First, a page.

How long do seeds in a packet last?

yumtomatoes(10a/FLA)August 4, 2011

I keep my seeds refrigerated. I don't know if that is a good idea or not. Is it? I have the A/C running year round and the temp indoors is about 77 degrees so I could keep them in the house.

How long do seeds generally last in the packet?

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On July 28 I planted about 10 seeds in each of two cups. Today I see at least two sprouts in each. Seed is Rutgers by green valley 59 cents each. Date is packed for 1992. These are regular paper package that were kept where ever and when ever here in dry Colorado. Might have been in garage at over 100 degrees and surly have been 20 below or so some time in their life. I think that dry is the most important thing,
YMMV. KennyP

    Bookmark   August 4, 2011 at 12:45PM
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missingtheobvious(Blue Ridge 7a)

In a humid climate, it wouldn't hurt to open the seed packet as soon as you get it, then put the seeds in a small ziplock.

I have seen 2x2" or 2x3" ziplocks for sale at a local antique shop (not quite sure why), from Southern Exposure Seed Exchange (catalog and online), and also from American Science & Surplus (catalog and online; lots of great, weird stuff).

Several seed vendors I've purchased from ship their seeds in ziplocks (sometimes with a printed label, sometimes inside a paper envelope).

    Bookmark   August 4, 2011 at 1:39PM
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zzackey(8b GA)

Walmart sells the little plastic ziplocks cheap in the craft aisle. Seeds last alot longer refrigerated. They ususally only last a few years at room temps.

    Bookmark   August 4, 2011 at 2:09PM
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digdirt2(6b-7a No.Cent. AR HZ8 Sun-35)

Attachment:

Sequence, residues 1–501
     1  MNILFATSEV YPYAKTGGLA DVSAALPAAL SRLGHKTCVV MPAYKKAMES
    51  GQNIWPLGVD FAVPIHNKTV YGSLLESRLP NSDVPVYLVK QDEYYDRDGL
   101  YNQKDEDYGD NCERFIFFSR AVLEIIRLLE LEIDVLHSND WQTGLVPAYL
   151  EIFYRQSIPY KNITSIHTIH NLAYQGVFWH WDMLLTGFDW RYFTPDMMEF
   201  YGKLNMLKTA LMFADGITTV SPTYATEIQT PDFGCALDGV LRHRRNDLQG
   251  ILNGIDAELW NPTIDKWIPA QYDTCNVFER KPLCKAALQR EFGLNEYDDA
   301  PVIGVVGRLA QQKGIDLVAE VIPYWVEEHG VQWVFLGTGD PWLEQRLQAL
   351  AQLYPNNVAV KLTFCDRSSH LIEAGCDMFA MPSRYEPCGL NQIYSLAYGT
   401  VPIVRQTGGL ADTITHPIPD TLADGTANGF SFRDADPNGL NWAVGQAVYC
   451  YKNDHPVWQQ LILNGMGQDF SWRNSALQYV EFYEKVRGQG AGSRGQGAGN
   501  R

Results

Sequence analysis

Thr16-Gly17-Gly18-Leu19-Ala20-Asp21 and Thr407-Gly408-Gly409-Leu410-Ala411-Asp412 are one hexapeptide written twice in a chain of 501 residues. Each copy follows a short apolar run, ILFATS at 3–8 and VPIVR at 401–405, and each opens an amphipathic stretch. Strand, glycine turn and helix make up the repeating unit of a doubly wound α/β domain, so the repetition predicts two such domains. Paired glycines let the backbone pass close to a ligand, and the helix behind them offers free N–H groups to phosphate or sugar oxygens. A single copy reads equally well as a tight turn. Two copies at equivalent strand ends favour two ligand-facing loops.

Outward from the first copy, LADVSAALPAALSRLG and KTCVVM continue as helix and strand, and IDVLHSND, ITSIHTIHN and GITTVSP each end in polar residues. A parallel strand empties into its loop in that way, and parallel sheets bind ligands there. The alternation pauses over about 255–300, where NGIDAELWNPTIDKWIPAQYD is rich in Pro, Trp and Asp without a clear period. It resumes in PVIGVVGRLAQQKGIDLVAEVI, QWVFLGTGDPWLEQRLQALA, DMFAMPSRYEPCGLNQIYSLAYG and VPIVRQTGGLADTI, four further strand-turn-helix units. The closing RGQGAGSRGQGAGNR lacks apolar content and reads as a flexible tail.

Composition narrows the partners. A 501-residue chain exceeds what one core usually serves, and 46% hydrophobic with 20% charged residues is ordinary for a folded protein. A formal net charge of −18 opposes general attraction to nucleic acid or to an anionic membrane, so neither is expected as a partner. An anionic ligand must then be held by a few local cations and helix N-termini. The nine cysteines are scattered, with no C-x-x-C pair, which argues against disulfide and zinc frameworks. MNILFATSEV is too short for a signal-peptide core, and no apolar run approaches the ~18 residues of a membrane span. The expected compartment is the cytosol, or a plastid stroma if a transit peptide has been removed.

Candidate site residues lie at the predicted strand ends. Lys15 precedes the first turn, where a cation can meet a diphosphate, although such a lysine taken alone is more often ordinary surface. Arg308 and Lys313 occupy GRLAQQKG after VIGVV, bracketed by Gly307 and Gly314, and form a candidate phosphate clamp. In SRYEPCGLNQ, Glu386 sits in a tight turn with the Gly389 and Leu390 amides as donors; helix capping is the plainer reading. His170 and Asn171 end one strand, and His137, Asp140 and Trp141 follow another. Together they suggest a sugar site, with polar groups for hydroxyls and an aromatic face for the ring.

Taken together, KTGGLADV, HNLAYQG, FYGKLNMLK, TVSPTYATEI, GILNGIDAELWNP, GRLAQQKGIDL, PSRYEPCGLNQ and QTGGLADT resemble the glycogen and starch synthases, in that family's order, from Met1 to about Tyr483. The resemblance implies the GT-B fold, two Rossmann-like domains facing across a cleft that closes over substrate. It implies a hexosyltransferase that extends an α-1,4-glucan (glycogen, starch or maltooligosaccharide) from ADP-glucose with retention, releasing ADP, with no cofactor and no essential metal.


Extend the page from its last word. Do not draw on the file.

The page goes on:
If you are talking about tomato seeds (many discussions here about this the search will pull up) cool dry storage is easily good for 5-10 years. Even longer has been posted by many in the past up to and including 25 years. The Seed Saving forum has a good FAQ about how to best store seeds.

Personally I have fridge stored seeds (in paper) that are still highly viable past 10 years - used some '94 and '96 dated ones this year.

Many professional seed savers prefer paper envelopes over plastic since plastic can trap moisture inside.


    Bookmark   August 4, 2011 at 2:31PM
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thanks for the link, dave!

    Bookmark   August 4, 2011 at 2:37PM
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I have a lot of commercial tom seed that is 10+ years old still going pretty strong. I dont refriderate, but not much humidity where I live. INfact I recently seeded for Fall crop and I placed 4-6 seeds per as most of it was pretty old. As near as I can tell, ALL the old seed came up, some of the newer seed, not so much.....go figure. LInda

    Bookmark   August 4, 2011 at 6:03PM
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nygardener(z6 New York)

I store mine in sealed plastic bags or watertight boxes together with some silica gel packets, which keep them dry and absorb humidity.

    Bookmark   August 4, 2011 at 9:52PM
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the silica packets are a good idea, thanks!

    Bookmark   August 4, 2011 at 10:05PM
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nygardener(z6 New York)

I think the silica packets are probably good for a growing season. If you're going to keep seed longer, I'd replace them once or twice a year.

    Bookmark   August 5, 2011 at 4:11PM
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nygardener(z6 New York)

Correction: I'd replace the ones you have in with your seeds regularly. You can probably keep spare silica packets in a tightly sealed container for 2 or 3 years.

    Bookmark   August 5, 2011 at 4:13PM
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dancinglemons(7B VA)

I also like the silica packets for my seeds. I get them from vitamin jar each new jar (the vitamins don't need them). I keep my seed in zipbags inside lock-n-lock container in dresser drawer. Tomato seeds planted this year 5 years old did very well about 95% germination. I occasionally will vacuum pack seeds.


    Bookmark   August 6, 2011 at 3:37AM
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Another tip when using older seeds is to plant extra seeds to account for low germination rates.

I've made this mistake when planting pepper seeds that were 5+ years old. My 2nd go-round I planted about 10 seeds and got the 5 or so plants that I wanted. Seeds are cheap, so i think i will go this route every year.

    Bookmark   August 6, 2011 at 8:35AM
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